At many successful law firms, CRM software capable of managing and tracking Relationship Intelligence, has been put in place to help leverage the collective relationship networks of all lawyers within the organisation. CRM software can also play a pivotal role in quickly linking together the relationship networks of all the lawyers within the newly combined entity.

Through social networking functions built into these systems, users can instantly view who else within the firm has a relationship with, for example, a prospective client. Some systems also offer relationship-mapping capabilities, providing a lawyer with a relationship pathway to a prospect via intermediary relationships. So, for instance, using this CRM functionality I might discover that two lawyers with whom I am not personally acquainted but who are now colleagues might be in a position to broker an introduction with the FTSE 100 prospective company I am trying to win as a client.

By employing strategies and IT tools capable of integrating a firm’s Relationship Intelligence, law firms can quickly and efficiently harness their hybrid network of relationships in a manner that can deliver value quickly to the firm.


Most law firms merge with or acquire other firms not simply to obtain the clients of the target firm. Doing so would be of marginal value, as the firm is also taking on the overhead of additional lawyers, support staff and other fixed costs. Rather, the Holy Grail of mergers is the hope of leveraging expanded staff and capabilities to enhance cross-selling opportunities, thus increasing per-client revenues and profits.

Two challenges immediately confront a merged law firm seeking to increase cross-selling opportunities: visibility into internal experience and expertise and obtaining a shared, 360-degree client view. For example, to cross-sell more effectively, client development teams must necessarily know who the clients of the firm are, understand their business, and the past work that has already been done for those clients. Without access to this information, analysis into potential cross-selling opportunities is virtually impossible. The challenge is even more daunting in a post-merger situation where an entirely new and unfamiliar client base is being assimilated.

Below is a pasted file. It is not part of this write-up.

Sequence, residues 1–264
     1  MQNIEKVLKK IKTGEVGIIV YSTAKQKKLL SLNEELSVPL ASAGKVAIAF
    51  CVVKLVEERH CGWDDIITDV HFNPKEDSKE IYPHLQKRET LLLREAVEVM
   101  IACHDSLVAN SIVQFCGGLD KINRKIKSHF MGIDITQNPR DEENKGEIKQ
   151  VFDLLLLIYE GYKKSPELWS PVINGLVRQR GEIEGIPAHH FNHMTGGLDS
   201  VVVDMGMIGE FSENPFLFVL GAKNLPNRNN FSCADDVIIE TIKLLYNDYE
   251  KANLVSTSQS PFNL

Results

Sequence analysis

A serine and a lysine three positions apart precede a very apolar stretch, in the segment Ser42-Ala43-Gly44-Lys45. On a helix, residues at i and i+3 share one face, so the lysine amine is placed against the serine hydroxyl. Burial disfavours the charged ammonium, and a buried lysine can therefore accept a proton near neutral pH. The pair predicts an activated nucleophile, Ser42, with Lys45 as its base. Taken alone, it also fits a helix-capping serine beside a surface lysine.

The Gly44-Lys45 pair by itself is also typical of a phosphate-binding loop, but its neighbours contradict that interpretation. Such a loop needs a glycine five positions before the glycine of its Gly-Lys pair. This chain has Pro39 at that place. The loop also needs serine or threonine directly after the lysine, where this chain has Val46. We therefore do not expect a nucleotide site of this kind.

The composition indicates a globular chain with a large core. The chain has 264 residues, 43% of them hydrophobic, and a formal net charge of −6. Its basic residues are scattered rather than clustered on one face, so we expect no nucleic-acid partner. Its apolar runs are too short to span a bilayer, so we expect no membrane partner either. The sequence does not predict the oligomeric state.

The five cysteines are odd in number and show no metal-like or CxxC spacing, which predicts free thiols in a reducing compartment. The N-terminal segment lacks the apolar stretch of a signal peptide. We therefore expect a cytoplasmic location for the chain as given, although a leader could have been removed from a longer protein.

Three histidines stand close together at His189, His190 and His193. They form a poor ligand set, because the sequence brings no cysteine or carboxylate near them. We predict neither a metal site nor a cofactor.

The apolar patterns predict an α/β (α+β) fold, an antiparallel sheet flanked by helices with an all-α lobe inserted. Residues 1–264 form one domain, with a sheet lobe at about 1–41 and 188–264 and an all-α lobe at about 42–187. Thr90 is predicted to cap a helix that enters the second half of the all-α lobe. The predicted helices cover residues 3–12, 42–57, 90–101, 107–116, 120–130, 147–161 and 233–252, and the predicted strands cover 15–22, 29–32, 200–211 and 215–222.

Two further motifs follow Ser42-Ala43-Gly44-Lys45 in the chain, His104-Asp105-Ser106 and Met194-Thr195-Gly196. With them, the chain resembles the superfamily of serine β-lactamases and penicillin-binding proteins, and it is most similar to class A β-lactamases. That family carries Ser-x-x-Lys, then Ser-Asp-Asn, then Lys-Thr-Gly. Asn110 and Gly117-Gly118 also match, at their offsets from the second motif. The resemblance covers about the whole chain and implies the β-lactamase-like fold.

Likewise, once the client-base has been analysed and segmented, a client development team must then match potential revenue opportunities with internal staff capable of delivering the necessary legal services. Often in a post merger environment, it takes a considerable amount of time for lawyers and marketing staff to become acquainted with the new firm members and their practice specialisations and experience. When time is of the essence in business development, this lack of familiarity with the firm’s collective experience and expertise pool can be a considerable threat to garnering cross-selling success.

CRM systems, again, can drastically reduce a firm’s ignorance of its own knowledge resources and increase visibility of the experience and expertise information required in effective cross-selling. For example, CRM systems can integrate with practice management, human resources, contact managers and other back-office systems and combine this Relationship Intelligence to provide a holistic view of clients and their entire relationship with the firm. Once deployed, this allows users instantly to see profiles of all firm clients, who they’ve worked with in the past, on which matters and to what end.

Once a client has been profiled thus, it is then incumbent upon the business development team to determine what areas of opportunity exist for selling additional services to existing clients. This requires access to practice group information as well as the skills and expertise of lawyers that would potentially service a client.

The challenge of manually aggregating this information can be daunting enough for firms even under ordinary circumstances. However, in a post-merger environment, where familiarity with new members of the team is at its lowest, effectively aggregating experience and expertise information and applying this information to existing opportunities can be a near impossible task.